New Brand Clean’s Mineral-Based Sunscreens Stand Out In A Shelfie But Not On Skin
From some beauty products, women will try brand after brand and still not land on a formula they like. Mascara is frequently frustrating. Foundation is another struggle. But sunscreen is perhaps the most disappointing product of all.
Tera Washburn’s sunscreen search always ended in an unsatisfactory purchase. Products would either contain chemical ingredients she hoped to avoid or leave a white cast on her skin. Instead of giving up on getting a sunscreen she adored, Washburn decided to create one. The result is Clean, a mineral-based sun-protection brand launching next week.
“I wanted to bring something to my consumers that I needed for myself, which was a sunscreen that was safe and rubbed in,” says Washburn, a former account executive at media companies. “It took me two-and-a-half years to find the right chemist and formulate. After 40 iterations of the product, we finally nailed it. We are super excited to share the sunscreen with everyone.”
Clean will be sharing two sunscreens with everyone: Broad Spectrum Sunscreen SPF 30 and Broad Spectrum Sunscreen SPF 40 Tint. The products are priced at $24 and $32, respectively. They have non-nano zinc oxide—oxybenzone and octinoxate, ingredients barred from Hawaiian stores starting in 2021, aren’t included—as well as red algae from Malibu and orange extract from Provence to enhance moisture retention, combat the effects of blue light emitted by cell phones and brighten skin.
“My competition has really strong points, but what makes us stand out is the ingredients we have that we sourced from places no one was sourcing from,” says Washburn, mentioning Clean’s slogan is “know what’s on your skin.” “We wanted our sunscreen to not only to be an SPF, but to be a beautiful product. It’s really giving you skin benefits.”
Clean aimed for a classic, chic and coastal packaging aesthetic. The brand hired artist Kate Schelter to execute its design concept. Its color palette consists of yellow, light blue and white. A minnow graphic that’s part of the logo resembles a C to hint at the first letter in the brand’s name.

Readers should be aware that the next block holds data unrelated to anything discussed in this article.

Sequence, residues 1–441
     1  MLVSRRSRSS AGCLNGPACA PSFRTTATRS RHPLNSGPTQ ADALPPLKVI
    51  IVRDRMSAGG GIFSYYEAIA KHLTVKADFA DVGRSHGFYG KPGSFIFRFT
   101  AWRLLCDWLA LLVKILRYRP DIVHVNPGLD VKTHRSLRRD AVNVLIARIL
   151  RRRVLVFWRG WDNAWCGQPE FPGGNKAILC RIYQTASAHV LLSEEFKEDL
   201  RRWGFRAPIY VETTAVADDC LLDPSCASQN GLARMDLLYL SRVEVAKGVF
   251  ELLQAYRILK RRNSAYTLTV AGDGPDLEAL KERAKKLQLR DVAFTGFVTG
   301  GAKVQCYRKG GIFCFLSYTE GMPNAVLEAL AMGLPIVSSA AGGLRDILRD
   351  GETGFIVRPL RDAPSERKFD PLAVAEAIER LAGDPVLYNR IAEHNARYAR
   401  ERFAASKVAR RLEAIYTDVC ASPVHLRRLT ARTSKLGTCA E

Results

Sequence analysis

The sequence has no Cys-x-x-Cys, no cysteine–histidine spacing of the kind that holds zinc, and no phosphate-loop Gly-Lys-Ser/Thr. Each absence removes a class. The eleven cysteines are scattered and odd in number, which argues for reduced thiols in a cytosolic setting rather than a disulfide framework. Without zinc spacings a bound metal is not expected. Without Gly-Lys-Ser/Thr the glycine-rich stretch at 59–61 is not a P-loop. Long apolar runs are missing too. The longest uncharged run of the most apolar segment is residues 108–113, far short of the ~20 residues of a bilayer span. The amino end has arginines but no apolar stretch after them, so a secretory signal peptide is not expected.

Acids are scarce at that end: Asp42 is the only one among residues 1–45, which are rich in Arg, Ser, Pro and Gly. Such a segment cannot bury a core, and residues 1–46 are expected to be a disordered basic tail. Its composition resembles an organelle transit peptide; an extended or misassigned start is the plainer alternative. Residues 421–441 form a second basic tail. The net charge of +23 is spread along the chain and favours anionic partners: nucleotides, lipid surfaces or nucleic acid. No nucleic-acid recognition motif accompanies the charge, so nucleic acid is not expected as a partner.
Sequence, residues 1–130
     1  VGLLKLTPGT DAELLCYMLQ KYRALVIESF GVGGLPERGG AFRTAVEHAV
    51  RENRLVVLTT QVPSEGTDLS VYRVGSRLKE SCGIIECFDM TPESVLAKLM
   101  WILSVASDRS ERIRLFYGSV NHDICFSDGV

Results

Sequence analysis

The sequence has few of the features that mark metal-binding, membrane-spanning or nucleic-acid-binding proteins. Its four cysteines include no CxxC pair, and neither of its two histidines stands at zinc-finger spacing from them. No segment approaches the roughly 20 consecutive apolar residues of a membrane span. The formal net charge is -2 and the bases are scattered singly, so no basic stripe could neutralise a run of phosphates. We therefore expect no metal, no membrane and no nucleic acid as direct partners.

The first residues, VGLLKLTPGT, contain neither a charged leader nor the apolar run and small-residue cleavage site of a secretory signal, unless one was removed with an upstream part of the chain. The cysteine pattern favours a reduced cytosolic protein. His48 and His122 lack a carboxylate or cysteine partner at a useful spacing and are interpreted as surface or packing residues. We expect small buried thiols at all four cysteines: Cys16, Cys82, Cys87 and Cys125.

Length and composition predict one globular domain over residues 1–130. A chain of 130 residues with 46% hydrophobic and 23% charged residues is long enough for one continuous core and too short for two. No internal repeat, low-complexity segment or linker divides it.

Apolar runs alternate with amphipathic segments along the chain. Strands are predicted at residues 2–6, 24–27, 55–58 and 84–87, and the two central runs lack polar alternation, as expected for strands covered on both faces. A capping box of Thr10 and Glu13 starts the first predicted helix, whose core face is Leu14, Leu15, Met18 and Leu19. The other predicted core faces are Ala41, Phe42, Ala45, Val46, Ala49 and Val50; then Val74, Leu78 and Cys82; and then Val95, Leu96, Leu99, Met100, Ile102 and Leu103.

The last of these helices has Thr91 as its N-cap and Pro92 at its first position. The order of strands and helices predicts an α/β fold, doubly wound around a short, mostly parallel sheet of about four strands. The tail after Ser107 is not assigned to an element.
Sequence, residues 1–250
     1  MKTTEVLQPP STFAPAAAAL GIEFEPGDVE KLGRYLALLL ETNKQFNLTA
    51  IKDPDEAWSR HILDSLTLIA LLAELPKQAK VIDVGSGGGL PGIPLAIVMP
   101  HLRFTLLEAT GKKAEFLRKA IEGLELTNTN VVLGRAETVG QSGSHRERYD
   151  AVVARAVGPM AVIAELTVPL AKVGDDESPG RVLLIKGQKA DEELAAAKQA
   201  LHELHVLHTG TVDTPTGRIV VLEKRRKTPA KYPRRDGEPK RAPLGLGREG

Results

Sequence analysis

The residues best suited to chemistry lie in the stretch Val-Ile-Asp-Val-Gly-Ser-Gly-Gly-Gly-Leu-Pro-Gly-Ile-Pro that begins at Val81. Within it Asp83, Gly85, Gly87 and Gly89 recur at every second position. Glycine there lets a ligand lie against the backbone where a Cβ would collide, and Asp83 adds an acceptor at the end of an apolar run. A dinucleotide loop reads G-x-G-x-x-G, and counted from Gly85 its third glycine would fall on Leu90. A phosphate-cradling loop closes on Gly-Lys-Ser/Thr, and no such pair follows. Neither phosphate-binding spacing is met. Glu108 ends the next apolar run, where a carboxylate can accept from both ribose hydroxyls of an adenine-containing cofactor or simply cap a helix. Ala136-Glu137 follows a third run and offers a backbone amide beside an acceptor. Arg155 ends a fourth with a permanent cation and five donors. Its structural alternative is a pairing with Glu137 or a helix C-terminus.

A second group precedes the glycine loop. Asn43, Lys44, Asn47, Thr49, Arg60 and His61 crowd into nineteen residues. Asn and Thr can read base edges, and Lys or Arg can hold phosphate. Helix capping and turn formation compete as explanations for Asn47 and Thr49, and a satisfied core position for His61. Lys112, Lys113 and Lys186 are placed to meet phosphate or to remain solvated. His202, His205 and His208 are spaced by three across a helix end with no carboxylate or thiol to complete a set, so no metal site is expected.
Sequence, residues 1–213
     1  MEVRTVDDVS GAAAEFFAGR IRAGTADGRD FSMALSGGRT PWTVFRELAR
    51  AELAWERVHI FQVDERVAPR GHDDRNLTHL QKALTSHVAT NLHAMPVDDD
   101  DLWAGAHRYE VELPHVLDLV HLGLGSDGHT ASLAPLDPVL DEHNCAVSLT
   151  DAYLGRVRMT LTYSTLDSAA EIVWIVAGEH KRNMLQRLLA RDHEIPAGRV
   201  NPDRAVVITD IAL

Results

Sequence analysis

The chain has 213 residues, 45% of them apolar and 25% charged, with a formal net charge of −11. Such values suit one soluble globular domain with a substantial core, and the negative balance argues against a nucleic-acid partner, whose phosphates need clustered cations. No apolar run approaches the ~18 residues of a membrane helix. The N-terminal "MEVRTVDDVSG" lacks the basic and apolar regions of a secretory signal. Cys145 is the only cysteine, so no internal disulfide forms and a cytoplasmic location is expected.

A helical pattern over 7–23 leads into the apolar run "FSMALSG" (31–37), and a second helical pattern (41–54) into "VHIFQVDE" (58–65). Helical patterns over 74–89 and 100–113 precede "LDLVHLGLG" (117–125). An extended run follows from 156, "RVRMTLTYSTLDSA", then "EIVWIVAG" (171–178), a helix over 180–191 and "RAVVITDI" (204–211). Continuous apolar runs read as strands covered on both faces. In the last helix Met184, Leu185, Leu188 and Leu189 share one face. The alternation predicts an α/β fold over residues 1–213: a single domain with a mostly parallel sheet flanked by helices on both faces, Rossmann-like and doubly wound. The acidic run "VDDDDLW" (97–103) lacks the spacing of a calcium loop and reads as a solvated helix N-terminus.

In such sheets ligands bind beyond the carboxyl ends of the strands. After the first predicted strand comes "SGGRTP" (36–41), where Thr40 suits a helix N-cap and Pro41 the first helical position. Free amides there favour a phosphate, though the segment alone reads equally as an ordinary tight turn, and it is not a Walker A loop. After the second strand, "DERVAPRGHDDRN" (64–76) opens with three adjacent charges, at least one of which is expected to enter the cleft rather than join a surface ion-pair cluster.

“I wanted to bring something to my consumers that I needed for myself, which was a sunscreen that was safe and rubbed in.”
“We felt there was a lack of sunscreen brands that looked good enough in the medicine cabinet for a shelfie. There wasn’t enough out there that was really elevated, luxurious and clean-looking,” says Washburn. “When we were putting together the branding, we wanted it to be simple, and something everyone is drawn to.”
Washburn views Clean as a family brand. “We didn’t want mom to have to buy products for herself and, then, have to go again to the store and buy products for her children,” she says. “She doesn’t have to carry different sunscreens for different people.”
Clean is largely sticking to a direct-to-consumer business model to begin, although its goal is to secure a sizable retailer committed to the clean beauty segment within its initial year on the market. To grow brand awareness, Clean will be partnering with like-minded companies on social media initiatives. For example, it’s asking entrepreneurs the question, “What does clean mean to you?” and broadcasting the answers on Instagram.
Asked what clean means to her, Washburn responds, “To me, clean means safe ingredients, but also effective ingredients that give you results. We are not a company that is just going to throw a bunch of organic ingredients in a bottle and sell it. We do rigorous testing to make sure what we are combining is actually driving results.”
Expansion of its assortment is in the near future for Clean. A spray sunscreen and lip balm are product possibilities. For now, the brand isn’t straying from the sun-protection category as it hones an expertise in it. Washburn envisions Clean becoming known as a source of best-in-class sun-protection products and information about sunscreen.
“There’s a lot of fear and uncertainty in this space right now from a consumer’s standpoint,” says Washburn. “We want to be a resource for people. They’ll be able to check in with us and say, ‘How do I decipher this as a consumer?’ We aren’t chemists and don’t have a 25-year beauty background. We are just passionate about what we do and want to make sure everyone is putting quality products on their skin.”